ATG Original: Streaming Changes the Rules of Video Distribution-Will Libraries Win or Lose?

by | Aug 13, 2020 | 0 comments


by Nancy K. Herther (writer, consultant and former Sociology/Anthropology Librarian, University of Minnesota Libraries)

Early in my consulting career my “fun job” was working occasional evenings at one of the Minneapolis Public Library branches.  And as a research consultant in high tech, answering many of these patron questions was a stretch, but not unlike a yoga session.  I remember one preschooler wanting a picture book about an elephant who likes to play jump rope. I knew many of the usual subjects: Elmer, Babar, Horton and Dumbo…..but she’d already had those and apparently none of them jump rope. So, I sat cross-legged with her on the floor going through the range of over-sized picture and board books looking for something that would be “good enough.” 

I came away with the greatest respect for librarians who not only have to know the authors, literature and age-appropriateness, but also how to inspire children when what they really want seems hopeless. Working with researchers and academics, on the other hand, is strategically a piece of cake. They know their needs and seek resources that will explain, inspire and support their curriculum.  They aren’t looking for just any film on some topic or general information that may have nothing to do with the goals of the course. In most cases, they actually use compelling snippets to stimulate discussion rather than watching entire films.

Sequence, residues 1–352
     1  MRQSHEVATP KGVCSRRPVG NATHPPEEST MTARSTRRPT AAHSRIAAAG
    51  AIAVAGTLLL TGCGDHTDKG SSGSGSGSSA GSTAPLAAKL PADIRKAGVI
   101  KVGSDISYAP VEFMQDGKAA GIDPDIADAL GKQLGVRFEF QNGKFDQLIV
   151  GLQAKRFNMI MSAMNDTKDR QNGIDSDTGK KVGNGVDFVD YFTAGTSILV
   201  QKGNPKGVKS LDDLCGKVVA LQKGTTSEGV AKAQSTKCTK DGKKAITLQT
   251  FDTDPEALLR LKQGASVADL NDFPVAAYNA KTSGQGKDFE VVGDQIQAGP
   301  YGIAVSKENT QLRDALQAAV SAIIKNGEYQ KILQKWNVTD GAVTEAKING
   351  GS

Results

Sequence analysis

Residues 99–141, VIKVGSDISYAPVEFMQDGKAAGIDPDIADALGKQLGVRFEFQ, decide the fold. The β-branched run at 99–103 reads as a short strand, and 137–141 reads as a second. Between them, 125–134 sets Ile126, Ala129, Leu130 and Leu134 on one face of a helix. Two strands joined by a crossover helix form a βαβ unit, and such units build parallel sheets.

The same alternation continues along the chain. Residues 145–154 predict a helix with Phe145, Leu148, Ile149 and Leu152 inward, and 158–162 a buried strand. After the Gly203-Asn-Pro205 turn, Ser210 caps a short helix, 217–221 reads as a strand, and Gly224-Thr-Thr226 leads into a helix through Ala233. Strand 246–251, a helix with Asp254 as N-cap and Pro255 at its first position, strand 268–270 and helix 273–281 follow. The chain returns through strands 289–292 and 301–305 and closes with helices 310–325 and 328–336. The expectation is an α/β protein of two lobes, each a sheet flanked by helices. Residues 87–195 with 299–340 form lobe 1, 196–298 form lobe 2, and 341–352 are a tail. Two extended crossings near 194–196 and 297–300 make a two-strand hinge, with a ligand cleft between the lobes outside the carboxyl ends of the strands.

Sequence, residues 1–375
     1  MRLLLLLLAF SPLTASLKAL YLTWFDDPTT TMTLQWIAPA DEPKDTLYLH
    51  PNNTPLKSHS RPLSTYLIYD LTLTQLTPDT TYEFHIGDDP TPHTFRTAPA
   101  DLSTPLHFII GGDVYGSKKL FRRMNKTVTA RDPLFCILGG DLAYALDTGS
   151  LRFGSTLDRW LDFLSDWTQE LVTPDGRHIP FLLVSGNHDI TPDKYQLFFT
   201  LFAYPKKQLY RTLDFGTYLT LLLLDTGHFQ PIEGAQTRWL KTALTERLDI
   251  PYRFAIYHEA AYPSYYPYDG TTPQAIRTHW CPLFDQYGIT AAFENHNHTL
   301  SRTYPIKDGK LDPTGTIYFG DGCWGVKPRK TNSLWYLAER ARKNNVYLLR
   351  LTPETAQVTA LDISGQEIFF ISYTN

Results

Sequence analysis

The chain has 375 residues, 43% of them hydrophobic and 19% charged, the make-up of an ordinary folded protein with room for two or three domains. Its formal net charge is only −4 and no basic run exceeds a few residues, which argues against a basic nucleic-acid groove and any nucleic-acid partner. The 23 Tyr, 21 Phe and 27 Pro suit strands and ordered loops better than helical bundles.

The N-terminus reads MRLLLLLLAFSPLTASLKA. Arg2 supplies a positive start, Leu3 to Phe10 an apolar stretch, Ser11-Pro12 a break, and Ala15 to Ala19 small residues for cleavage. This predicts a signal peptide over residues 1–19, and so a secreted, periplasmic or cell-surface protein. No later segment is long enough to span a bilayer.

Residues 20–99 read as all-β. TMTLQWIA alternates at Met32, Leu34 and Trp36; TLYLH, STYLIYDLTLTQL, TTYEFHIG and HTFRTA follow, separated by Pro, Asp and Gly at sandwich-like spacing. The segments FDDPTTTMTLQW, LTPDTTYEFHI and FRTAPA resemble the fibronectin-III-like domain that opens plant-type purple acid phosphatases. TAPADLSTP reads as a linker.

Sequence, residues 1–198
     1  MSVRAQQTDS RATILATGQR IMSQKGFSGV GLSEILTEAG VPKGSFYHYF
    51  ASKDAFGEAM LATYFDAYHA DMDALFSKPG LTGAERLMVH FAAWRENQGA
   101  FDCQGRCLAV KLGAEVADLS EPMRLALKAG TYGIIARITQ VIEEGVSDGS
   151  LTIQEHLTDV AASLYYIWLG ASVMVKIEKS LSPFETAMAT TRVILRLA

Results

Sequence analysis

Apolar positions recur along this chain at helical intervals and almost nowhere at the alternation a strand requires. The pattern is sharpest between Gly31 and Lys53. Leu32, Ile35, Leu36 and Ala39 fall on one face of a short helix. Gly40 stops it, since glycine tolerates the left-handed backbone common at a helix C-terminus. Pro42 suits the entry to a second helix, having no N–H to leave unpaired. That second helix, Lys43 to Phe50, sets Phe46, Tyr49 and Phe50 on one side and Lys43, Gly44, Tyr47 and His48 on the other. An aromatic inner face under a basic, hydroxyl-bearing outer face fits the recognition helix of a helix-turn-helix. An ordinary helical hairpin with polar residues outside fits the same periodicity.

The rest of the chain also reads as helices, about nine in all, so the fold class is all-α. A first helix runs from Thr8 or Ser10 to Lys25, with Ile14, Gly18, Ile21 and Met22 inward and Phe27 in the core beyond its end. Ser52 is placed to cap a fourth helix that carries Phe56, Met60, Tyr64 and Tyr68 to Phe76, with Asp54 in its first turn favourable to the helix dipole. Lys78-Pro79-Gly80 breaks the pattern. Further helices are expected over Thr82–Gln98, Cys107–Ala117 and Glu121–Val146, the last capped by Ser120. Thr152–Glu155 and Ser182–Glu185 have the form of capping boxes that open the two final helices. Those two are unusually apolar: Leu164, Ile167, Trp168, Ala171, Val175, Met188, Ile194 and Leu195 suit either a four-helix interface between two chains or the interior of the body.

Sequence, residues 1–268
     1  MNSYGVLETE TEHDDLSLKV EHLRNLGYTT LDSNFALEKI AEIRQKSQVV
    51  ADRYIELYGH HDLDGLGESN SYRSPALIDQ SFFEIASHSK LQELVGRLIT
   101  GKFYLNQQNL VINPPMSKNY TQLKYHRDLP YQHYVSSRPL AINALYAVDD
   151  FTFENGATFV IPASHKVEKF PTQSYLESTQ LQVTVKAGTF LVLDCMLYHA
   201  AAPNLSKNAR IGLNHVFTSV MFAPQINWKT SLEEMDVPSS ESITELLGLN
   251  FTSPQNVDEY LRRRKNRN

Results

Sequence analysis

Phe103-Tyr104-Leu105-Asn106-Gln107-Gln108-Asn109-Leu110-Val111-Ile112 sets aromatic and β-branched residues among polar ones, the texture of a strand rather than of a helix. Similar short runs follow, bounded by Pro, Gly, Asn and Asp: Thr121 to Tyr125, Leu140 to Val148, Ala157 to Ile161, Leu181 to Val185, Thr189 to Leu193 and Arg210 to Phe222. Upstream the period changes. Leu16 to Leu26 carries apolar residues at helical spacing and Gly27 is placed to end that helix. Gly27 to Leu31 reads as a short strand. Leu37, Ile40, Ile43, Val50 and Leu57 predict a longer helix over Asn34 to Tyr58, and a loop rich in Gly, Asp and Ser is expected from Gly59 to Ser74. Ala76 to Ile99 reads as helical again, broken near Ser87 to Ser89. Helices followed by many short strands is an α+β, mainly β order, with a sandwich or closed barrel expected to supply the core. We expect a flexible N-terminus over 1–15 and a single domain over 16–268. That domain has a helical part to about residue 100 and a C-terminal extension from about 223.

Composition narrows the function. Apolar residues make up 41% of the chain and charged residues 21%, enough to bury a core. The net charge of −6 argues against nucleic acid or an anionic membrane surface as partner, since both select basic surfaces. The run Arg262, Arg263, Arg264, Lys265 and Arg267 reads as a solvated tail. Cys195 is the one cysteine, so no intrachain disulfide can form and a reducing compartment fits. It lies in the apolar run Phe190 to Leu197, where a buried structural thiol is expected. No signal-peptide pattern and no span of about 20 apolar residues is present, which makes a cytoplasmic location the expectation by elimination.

Most media requests in higher education are needed to meet a clearly expressed need. For example, Salt of the Earth for a class segment on Mexican-American workers protesting the unsafe work conditions and unequal wages and the impact of this on their families; or Crying Earth Rise Up used to stimulate discussion of the struggles of tribal nations confronting the power of corporations and government when it comes of uranium mining on tribal lands. 


Today, we have a huge and thriving distribution system for streaming all types of creative media – from old-time television shows to classic films, documentaries from all types of producers to the growing importance of short-form mobile videos such as TikTok. However, these are not easily available to institutions today that would allow the same access to content that individuals are being given. 

Commercial streaming services  – such as Netflix, HBO GO, HBO NOW, Disney Plus, Hulu, Amazon Prime Video, Sling TV and Fubo TV have taken on even more importance during the pandemic by taking on the releases of new films due to COVID restrictions on movie theaters. However, none of the now standard channels for video offer any realistic type of service plan for institutions. Other than YouTube, whose content unpredictably can be purged without notice, libraries have little availability to a growing portion of today’s critical video resources. Availability of DVD versions is continuing to shrink as an option for video distribution.